But times are changing. In a big town like Yangon, Mandalay, and places like this, most teenagers have enough knowledge of sex and they can accept [education]. But in a small place they don’t have enough knowledge of sex. There they look down on people who have HIV and AIDS, and [doctors] will not treat these patients. They don’t have enough knowledge of the disease to know it can be contracted by other’s blood. Most people think it is only about sex, so they look down upon it.

Read on:

May Thant on Facebook trolls, gender inequality and Burma’s first woman President (interview: part 1)

May Thant works as a receptionist at a popular backpacker’s hostel in downtown Yangon, Myanmar (Burma). She spoke to me in February 2016.

May Thant on Facebook trolls, gender inequality and Burma’s first woman President (interview: part 1)

May Thant works as a receptionist at a popular backpacker’s hostel in downtown Yangon, Myanmar (Burma). She spoke to me in February 2016.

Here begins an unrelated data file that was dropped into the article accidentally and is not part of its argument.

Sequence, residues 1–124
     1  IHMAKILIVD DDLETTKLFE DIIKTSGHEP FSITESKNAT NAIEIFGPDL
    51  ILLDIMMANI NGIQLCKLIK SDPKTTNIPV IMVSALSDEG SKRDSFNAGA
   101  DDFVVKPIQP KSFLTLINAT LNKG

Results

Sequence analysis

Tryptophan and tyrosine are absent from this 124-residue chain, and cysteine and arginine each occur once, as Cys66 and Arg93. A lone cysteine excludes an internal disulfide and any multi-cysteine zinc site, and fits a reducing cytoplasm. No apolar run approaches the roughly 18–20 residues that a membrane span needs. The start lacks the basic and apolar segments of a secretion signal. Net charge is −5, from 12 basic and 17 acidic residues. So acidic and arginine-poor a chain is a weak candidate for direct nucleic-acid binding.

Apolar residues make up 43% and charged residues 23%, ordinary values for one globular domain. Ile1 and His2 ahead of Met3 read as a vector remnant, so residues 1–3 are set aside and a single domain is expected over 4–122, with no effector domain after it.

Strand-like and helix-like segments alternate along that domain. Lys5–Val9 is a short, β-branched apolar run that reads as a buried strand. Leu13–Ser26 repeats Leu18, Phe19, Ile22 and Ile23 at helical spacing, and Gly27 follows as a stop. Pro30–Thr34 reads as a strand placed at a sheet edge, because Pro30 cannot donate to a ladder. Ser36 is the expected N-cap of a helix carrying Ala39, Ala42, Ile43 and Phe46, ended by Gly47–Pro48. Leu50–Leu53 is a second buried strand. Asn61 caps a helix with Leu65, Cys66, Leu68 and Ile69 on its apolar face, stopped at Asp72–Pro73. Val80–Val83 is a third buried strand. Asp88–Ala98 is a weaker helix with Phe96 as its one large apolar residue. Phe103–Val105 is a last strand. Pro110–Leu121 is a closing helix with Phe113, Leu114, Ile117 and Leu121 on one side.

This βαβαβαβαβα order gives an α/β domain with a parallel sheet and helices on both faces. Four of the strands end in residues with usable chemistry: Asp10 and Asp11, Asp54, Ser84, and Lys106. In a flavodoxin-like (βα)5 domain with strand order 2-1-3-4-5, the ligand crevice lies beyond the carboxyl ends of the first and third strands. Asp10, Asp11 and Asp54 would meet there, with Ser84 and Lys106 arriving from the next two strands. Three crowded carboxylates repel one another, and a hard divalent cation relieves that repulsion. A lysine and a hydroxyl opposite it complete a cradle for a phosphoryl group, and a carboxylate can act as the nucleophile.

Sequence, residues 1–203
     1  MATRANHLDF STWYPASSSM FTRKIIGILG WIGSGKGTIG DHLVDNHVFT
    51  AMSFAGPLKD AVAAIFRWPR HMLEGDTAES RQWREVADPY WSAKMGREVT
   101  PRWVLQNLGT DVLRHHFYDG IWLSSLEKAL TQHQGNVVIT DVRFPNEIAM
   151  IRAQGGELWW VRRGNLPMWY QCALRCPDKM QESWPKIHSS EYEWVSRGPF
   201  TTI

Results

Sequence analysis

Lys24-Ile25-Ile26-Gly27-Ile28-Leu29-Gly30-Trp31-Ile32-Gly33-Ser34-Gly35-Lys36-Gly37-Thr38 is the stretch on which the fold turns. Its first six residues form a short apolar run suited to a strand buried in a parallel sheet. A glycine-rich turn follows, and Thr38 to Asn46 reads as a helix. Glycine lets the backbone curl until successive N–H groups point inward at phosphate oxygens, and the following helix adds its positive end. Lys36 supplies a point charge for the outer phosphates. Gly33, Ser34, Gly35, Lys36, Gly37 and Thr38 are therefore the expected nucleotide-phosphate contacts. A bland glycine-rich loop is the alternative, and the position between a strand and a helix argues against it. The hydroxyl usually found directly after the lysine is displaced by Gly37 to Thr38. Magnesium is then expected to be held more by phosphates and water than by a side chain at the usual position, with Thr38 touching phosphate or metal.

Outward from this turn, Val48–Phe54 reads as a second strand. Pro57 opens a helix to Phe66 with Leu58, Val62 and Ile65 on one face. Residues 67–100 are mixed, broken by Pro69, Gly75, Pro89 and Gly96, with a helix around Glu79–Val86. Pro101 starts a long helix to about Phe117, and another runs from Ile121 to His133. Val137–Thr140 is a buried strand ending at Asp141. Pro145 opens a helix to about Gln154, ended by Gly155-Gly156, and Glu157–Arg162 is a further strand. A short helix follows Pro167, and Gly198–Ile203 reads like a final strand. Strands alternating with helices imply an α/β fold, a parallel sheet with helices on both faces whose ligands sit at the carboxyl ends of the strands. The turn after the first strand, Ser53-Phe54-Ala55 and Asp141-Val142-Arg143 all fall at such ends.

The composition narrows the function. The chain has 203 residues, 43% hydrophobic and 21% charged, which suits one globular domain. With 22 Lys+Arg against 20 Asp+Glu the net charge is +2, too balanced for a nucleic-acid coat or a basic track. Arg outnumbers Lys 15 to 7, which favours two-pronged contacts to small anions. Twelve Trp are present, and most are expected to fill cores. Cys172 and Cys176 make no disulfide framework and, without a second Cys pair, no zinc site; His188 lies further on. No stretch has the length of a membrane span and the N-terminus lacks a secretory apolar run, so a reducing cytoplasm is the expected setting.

Can you start by telling me about your background?

I come from a very small town, near Yangon. After our matriculation exams, we have to go to other places if we want to continue our education. Our education system meant my options were really bad. I got good grades so I decided to come to Yangon, and attend a university here. I graduated from the Yangon Foreign Languages University, specialising in Chinese. But now I’ve forgotten almost all of my Chinese words [laughter].

Crowds on the streets surrounding Yangon University, Myanmar, Feb 2016 © ZhendeGender